‘COOLIE NO. 1’ | 25 December, 2020

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Pooja Entertainment’s Coolie No. 1 (meant for age group 16+) is the remake of the producer’s earlier Coolie No. 1 (1995) which itself was a remake of Tamil film Chinna Mapillai.

Raju (Varun Dhawan) is a coolie who falls head over heels in love with Sarah Rozario (Sara Ali Khan). Sarah is a rich girl and so her father, Jeffrey Rozario (Paresh Rawal), wants to get her and his younger daughter, Anju (Shikha Talsania), married to very rich boys. To win Sarah’s hand in marriage, Raju pretends to be a wealthy businessman’s son, Kunwar. Raju/Kunwar is aided by a matchmaker, Jai Kishen (Jaaved Jaaferi), and his own mechanic-friend, Deepak (Sahil Vaid). The comedy that ensues is what the film is all about.

The story is quite similar to the story of the 1995 film and, therefore, looks a bit dated after 25 years. An entire generation has changed in the two-and-a-half decades and to expect that the audiences will lap up this drama as they did back then is fraught with dangers. The story rests on the premise that all characters in the drama, other than Raju, are idiots who don’t question anything in life and lack basic common sense. Why, they seem to have never heard of con men! Rumi Jafry’s screenplay is hardly engaging or funny. Clichéd and predictable scenes dominate the drama and even they are hardly entertaining. Jafry’s magic of the 1990s is clearly missing. The audiences get the impression that his heart was not in the film which looks more formulaic and an assemblage of incidents rather than a free-flowing and natural drama. In short, the comedy is boring. Actually, what’s often offered in the name of comedy is buffoonery. Therefore, rather than making the viewers laugh, many of the scenes get on their nerves. The kiddish humour is like a red mark in the writer’s report card. The dash of emotions fails to touch the heart.

Farhad Samji’s dialogues are also irritating for the major part. A few dialogues are funny but they pale into insignificance when compared to those that rely on contrived humour. Too much reliance on tukk-bandi, to make the dialogues funny, doesn’t go down well with the audience.

Before talking about individual performances, a word here about the acting, in general. Every actor seems to be competing with the others to show how he/she can overact! Varun Dhawan overacts to the hilt in both the roles. His mimicry of Mithun Chakraborty in the second half and of several other film stars too is unwarranted and definitely does not create the desired humour. Although comparisons are odious, the viewers are bound to compare his acting with Govinda’s in the 1995 film — and that would further underline the fact that his performance is lacklustre. Even Govinda’s grace in dances is clearly missing in Varun’s dancing that seems more robotic and rehearsed than free-flowing. Sara Ali Khan appears to be disinterested. Her performance in the role of Sarah is more mechanical than spontaneous. Paresh Rawal is earnest but because of the poor script, his earnestness doesn’t help much. Sahil Vaid lends decent support as Raju’s friend, Deepak, but he doesn’t stand out in a single scene. Shikha Talsania is okay as Sarah’s sister, Anju. Bharti Achrekar lends routine support. Jaaved Jaaferi leaves a mark as pandit Jai Kishen and Jackson. Johny Lever’s comedy is entertaining. Rajpal Yadav is dull in the role of Sarah’s maternal uncle, Pinto. Anil Dhawan (as the rich businessman) and Manoj Joshi (as his manager) are average. Vikas Verma hardly impresses as Mahesh (the main villain). Shashi Kiran (as the coolie uncle), Rajat Rawail (as the bell boy), Hemant Pandey (as the snacks stall owner) and Rakesh Bedi (as the driver) do as required. Others fit the bill.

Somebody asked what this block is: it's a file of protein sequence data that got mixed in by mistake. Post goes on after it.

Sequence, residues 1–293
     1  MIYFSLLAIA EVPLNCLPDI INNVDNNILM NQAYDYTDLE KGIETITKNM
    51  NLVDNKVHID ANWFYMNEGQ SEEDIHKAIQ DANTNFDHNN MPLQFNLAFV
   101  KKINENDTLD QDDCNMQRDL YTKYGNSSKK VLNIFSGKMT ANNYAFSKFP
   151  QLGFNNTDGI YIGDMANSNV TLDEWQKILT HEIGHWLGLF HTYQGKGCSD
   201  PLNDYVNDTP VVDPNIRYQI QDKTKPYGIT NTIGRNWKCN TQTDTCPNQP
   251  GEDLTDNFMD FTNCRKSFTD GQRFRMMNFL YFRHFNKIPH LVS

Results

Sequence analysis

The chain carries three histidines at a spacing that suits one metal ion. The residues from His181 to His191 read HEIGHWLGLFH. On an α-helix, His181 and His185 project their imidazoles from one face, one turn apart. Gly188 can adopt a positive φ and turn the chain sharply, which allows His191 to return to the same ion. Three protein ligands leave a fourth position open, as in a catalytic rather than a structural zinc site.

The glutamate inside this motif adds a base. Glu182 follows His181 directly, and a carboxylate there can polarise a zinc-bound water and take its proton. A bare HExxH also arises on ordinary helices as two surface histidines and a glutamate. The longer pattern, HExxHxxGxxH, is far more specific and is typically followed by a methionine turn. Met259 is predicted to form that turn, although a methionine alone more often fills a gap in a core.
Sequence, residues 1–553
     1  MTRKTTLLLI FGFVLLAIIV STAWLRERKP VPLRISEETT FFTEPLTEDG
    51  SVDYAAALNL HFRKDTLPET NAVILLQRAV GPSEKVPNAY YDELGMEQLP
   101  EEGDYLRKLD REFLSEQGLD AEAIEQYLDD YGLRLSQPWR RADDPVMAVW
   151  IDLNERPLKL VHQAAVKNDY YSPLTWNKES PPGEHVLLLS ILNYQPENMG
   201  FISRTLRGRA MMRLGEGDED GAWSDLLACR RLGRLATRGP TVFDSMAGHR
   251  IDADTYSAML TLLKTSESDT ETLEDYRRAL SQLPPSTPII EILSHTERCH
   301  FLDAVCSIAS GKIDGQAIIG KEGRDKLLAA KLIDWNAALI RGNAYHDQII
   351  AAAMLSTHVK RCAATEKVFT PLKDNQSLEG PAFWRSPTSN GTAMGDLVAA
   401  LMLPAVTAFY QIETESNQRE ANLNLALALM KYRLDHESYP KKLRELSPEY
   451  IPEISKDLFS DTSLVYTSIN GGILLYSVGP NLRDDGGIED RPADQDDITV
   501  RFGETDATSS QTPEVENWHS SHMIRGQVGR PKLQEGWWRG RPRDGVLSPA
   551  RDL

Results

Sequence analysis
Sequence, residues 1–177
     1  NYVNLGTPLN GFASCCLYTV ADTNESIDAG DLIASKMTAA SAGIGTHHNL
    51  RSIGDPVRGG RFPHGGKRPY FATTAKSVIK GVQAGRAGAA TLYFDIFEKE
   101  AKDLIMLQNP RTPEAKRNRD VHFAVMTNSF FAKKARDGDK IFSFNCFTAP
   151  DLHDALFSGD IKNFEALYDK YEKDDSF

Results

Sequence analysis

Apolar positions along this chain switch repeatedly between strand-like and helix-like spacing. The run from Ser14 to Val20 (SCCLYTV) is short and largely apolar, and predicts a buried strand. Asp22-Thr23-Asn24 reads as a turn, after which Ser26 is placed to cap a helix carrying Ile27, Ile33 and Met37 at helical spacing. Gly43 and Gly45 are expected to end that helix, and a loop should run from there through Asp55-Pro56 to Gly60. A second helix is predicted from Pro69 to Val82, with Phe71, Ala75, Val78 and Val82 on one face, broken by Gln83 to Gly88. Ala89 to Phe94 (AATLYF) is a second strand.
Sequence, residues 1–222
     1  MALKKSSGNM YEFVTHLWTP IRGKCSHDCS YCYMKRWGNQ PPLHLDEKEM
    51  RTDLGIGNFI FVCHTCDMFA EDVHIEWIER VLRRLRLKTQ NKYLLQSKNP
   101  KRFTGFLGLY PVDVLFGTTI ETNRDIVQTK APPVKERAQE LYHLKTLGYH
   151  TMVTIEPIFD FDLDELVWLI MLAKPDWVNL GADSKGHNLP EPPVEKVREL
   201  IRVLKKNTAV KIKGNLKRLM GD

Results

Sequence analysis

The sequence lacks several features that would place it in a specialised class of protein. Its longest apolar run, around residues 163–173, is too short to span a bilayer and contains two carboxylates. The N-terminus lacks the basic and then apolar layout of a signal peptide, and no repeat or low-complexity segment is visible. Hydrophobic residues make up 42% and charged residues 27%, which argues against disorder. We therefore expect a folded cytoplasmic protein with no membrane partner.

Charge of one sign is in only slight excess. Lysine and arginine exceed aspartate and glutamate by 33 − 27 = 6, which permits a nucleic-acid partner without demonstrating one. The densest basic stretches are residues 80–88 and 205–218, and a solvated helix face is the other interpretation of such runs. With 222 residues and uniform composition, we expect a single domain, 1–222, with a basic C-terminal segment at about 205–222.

David Dhawan’s direction is dated, just like the script. Dhawan is just not in form this time. The effort to anyhow make the viewers laugh is evident in every scene and throughout the narration. Of the songs, the two songs (Anand-Milind) from the old Coolie No. 1 — ‘Main to raste se jaa raha tha’ and ‘Husn hai suhana’ — are the best. The new songs have been set to tune by Tanishk Bagchi, Farhad Samji, Javed-Mohsin and Lijo George-DJ Chetas. Of the new songs, ‘Teri bhabhi’ is fast-paced and well-tuned. Lyrics (Sameer for the 1995 songs, Danish Sabri, Ikka, Shabbir Ahmed and Rashmi Virag) are in synch with the mood of the film. Song picturisations (by Ganesh Acharya) are nothing to shout about except for ‘Husn hai suhana’ which is eye-catching. ‘Tere siva’ has been choreographed by Ranju Varghese. Salim-Sulaiman’s background music could’ve been more effective. Ravi K. Chandran’s cinematography is first-rate. Anl Arasu’s action scenes are okay. Rajat Poddar’s production designing is very good. Production values are rich. Ritesh Soni’s editing is not as sharp as it ought to have been.

On the whole, Coolie No. 1 is a major disappointment. It is nothing compared to the 1995 film of the same name. Had it been released in the cinemas during normal times, it would’ve flopped after a fair start.

Released on 25-12-’20 on Amazon Prime Video.